Ice cream is made from milk amongst others. Milk comes
from cows and cows produce a lot of carbon-dioxide and methane. Ben &
Jerry's intend to reduce these greenhouse gasses by paying attention to the
Ben & Jerry's - a Unilever company - first embarked on
a campaign to 'Lick Global Warming' back in 2002 and now they're on a mission
against gas emissions that are thought to be responsible for global
Cows release around 400gms of methane a day, thanks to their
belching and farting. Carbon-dioxide (CO2) is by far the biggest contributor to
climate change but methane has 23 times the warming potential of CO2, so
reducing its emission is important.
Ben & Jerry's is investing a
minimum of €2.4 million across a five year period to become climate neutral.
That means going beyond carbon neutral by also taking into account other
greenhouse gases such as methane (CH4) and nitrous oxide
Changing the feed
Tackling methane on the farm is a
complex process but by altering cows' feed, Anniek Mauser, Happy Cow Girl
(social mission & environmental sustainability manager) at Ben &
Jerry's, believes they've found a solution.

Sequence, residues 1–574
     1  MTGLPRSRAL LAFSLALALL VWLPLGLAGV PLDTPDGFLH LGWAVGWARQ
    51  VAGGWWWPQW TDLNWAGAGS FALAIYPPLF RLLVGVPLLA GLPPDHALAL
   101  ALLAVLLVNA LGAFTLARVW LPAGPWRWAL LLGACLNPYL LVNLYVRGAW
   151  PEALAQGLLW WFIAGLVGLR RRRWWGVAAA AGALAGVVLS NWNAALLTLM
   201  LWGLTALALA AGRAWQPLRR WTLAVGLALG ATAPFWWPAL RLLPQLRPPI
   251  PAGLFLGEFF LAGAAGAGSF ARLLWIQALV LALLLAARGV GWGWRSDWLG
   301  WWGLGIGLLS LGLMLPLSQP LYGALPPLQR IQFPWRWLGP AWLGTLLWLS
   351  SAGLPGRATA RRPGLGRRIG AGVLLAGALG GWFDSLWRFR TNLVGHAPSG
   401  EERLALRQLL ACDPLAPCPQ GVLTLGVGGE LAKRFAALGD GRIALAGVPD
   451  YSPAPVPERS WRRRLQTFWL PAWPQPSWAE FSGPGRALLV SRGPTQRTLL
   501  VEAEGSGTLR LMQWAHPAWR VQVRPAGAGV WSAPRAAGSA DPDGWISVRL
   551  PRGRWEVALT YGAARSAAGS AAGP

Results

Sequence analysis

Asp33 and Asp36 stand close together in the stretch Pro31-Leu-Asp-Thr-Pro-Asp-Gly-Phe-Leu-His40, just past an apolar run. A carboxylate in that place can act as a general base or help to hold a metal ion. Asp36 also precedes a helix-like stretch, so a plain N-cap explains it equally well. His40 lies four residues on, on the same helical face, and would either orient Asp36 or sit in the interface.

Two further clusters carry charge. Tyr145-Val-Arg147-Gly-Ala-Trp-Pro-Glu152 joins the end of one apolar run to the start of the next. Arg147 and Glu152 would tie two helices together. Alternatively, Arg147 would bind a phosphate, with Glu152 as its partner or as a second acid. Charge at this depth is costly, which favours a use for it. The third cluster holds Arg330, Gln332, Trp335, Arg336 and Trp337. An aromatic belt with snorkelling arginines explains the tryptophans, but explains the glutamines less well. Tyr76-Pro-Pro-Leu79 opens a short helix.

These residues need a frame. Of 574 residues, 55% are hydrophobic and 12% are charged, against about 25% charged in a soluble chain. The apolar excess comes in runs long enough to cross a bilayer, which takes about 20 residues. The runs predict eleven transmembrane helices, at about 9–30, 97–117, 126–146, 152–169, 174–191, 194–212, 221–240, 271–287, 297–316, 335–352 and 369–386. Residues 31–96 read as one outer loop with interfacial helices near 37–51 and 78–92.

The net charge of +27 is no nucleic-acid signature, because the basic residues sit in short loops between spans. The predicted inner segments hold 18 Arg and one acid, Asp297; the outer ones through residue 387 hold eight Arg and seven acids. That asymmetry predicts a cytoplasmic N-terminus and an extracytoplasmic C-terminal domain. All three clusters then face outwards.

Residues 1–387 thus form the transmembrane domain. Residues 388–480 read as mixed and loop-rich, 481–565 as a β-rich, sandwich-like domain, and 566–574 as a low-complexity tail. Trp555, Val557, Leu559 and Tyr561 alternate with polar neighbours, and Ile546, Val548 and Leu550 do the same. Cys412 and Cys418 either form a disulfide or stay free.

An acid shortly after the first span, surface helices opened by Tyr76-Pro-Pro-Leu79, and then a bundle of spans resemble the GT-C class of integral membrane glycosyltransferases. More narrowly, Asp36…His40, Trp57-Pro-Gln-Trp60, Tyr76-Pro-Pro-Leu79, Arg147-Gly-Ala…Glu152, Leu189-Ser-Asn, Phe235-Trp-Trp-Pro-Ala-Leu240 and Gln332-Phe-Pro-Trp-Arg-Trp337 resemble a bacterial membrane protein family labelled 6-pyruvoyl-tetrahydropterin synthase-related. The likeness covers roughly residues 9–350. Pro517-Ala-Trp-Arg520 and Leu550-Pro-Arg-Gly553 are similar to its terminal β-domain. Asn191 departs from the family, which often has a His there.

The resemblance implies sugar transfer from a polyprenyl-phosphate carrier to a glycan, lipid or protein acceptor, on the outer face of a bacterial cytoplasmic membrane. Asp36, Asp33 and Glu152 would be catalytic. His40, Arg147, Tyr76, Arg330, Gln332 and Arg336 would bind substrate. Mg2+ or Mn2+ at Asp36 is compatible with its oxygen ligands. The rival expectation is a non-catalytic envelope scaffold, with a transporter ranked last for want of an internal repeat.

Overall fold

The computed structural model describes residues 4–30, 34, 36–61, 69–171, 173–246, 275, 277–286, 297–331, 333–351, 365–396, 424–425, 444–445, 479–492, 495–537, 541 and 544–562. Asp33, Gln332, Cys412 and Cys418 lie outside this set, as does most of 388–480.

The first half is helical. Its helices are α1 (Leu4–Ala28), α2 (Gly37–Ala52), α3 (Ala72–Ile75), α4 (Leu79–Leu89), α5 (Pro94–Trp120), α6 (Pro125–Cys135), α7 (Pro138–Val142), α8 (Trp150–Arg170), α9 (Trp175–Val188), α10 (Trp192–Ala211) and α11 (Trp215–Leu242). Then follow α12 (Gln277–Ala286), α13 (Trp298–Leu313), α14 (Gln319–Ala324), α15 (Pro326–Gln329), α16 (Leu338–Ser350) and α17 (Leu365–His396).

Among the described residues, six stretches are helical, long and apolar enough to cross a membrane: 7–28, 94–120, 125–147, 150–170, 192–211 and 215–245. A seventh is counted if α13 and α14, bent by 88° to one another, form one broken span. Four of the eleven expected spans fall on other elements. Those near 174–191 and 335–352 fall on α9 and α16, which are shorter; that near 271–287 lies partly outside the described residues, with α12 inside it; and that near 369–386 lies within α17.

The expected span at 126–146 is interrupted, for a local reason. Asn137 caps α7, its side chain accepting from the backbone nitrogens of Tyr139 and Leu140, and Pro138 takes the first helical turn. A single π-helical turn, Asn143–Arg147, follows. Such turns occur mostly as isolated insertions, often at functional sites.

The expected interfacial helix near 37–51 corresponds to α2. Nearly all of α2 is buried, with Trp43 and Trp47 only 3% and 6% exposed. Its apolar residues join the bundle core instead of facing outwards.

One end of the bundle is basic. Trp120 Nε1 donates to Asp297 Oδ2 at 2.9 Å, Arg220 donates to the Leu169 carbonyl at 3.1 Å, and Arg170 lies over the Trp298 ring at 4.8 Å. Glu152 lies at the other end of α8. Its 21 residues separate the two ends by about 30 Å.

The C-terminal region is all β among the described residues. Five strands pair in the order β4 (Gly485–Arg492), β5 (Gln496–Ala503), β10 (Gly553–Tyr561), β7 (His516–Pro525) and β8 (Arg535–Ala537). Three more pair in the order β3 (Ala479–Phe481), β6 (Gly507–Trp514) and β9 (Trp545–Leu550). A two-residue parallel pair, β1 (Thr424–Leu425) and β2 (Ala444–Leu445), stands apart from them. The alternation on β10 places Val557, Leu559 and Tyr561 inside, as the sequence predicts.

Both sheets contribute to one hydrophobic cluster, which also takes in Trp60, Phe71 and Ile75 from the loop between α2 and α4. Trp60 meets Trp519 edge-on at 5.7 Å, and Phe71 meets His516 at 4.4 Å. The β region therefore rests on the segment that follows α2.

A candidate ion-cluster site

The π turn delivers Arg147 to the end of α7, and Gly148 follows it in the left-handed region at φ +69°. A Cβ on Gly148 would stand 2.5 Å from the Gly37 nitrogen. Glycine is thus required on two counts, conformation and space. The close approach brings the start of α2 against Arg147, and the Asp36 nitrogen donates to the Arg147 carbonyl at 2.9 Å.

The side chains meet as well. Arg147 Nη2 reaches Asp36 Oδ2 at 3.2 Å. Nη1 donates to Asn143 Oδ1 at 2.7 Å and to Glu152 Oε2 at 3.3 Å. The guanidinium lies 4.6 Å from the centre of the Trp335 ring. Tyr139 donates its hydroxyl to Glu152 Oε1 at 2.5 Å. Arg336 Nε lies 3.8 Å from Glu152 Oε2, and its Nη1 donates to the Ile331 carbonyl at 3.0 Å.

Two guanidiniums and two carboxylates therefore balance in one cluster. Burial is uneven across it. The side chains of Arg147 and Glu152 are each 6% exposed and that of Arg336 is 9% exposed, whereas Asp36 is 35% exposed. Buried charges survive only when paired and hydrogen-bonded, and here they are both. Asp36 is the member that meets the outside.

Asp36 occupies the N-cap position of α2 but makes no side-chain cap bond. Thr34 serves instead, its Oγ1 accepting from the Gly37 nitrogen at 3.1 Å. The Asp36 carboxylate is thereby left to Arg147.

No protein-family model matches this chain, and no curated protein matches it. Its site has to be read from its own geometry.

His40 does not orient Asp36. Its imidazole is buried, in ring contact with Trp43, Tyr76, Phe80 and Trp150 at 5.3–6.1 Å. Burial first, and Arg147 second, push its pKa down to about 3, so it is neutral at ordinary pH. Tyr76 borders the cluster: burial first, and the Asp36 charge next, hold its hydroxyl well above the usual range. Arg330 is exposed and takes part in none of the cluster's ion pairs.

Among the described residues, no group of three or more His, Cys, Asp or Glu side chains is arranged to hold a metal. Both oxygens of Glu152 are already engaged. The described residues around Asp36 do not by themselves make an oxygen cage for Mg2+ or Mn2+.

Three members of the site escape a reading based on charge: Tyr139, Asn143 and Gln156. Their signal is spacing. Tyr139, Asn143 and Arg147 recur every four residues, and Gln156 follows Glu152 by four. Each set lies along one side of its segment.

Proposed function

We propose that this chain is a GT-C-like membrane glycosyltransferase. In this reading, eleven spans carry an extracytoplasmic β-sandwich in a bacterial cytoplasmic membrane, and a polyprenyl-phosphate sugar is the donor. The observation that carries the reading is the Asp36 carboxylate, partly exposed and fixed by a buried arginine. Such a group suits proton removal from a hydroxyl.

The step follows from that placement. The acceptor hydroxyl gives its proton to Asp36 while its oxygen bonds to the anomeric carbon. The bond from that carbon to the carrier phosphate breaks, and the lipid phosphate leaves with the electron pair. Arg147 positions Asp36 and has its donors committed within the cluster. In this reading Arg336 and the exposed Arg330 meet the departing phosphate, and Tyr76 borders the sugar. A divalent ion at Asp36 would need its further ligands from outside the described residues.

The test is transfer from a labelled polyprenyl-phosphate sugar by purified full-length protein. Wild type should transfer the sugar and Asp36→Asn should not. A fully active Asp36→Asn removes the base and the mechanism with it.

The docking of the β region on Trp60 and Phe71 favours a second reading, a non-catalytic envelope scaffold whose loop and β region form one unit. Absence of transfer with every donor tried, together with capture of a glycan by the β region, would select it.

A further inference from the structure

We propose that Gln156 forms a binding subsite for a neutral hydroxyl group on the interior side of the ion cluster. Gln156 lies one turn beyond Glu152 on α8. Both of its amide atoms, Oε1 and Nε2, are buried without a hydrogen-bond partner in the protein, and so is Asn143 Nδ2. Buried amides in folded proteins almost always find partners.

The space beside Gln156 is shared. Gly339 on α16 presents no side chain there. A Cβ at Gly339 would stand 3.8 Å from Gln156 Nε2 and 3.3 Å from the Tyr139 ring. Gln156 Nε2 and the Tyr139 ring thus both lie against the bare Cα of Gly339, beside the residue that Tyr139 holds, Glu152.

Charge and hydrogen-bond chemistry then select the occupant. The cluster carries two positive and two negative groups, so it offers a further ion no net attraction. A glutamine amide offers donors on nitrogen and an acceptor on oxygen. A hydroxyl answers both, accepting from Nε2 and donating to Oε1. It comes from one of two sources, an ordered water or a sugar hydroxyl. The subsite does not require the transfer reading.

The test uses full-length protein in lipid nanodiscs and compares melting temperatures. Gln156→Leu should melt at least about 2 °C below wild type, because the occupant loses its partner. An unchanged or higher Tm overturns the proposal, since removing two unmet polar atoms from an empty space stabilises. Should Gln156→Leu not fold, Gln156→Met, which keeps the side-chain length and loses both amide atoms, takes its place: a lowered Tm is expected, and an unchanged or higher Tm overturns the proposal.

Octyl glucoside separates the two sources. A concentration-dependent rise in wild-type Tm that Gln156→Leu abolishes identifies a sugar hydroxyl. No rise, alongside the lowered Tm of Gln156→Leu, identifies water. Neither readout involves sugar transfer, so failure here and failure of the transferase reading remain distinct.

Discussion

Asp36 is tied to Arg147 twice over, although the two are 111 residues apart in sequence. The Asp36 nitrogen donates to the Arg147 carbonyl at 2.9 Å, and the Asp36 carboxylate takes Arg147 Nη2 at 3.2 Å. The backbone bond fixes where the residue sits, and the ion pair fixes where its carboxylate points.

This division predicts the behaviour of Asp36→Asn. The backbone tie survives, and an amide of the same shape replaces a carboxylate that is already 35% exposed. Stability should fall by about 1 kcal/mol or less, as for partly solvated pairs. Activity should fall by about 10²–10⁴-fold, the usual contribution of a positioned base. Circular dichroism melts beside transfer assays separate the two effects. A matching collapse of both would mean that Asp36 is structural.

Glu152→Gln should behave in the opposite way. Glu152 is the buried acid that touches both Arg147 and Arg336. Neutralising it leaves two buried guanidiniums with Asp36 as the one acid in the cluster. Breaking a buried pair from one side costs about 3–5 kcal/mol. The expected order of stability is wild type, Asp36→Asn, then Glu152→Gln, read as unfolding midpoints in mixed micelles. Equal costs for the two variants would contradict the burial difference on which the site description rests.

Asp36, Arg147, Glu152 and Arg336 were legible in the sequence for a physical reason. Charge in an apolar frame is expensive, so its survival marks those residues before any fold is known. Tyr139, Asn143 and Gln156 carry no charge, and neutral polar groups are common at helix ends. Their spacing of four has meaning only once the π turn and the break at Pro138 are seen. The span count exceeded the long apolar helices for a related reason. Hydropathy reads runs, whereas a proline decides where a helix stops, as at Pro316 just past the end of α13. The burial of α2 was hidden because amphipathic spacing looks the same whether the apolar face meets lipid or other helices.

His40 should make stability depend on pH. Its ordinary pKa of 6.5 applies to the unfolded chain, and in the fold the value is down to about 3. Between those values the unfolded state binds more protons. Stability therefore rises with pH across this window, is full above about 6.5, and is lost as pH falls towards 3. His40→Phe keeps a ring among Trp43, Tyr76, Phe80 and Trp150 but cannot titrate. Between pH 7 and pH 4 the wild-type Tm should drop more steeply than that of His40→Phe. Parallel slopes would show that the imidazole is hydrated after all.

She says: "We can't stop cows
from doing what comes naturally, but we can work on methane emission reduction
by changing animal feed to increase animal digestive ease."
Jerry's is part of the Climate Neutral initiative developed by a consortium of
38 non-governmental organisations in the Netherlands.
Ben & Jerry's
bid to become Climate Neutral addresses every stage of the supply chain,
categorised into 3 steps:
- maximise energy efficiency,
- move to lower carbon or renewable energy
- mitigate the negative effects of climate change
through the purchase of high-quality, regulated carbon offsets.
- About 23 million dairy cows are grazing across
- Between 9% and 12% of the energy that a cow consumes is converted
- Of the 400gm of methane emitted a day, 99% is from
belching, 1% from farting
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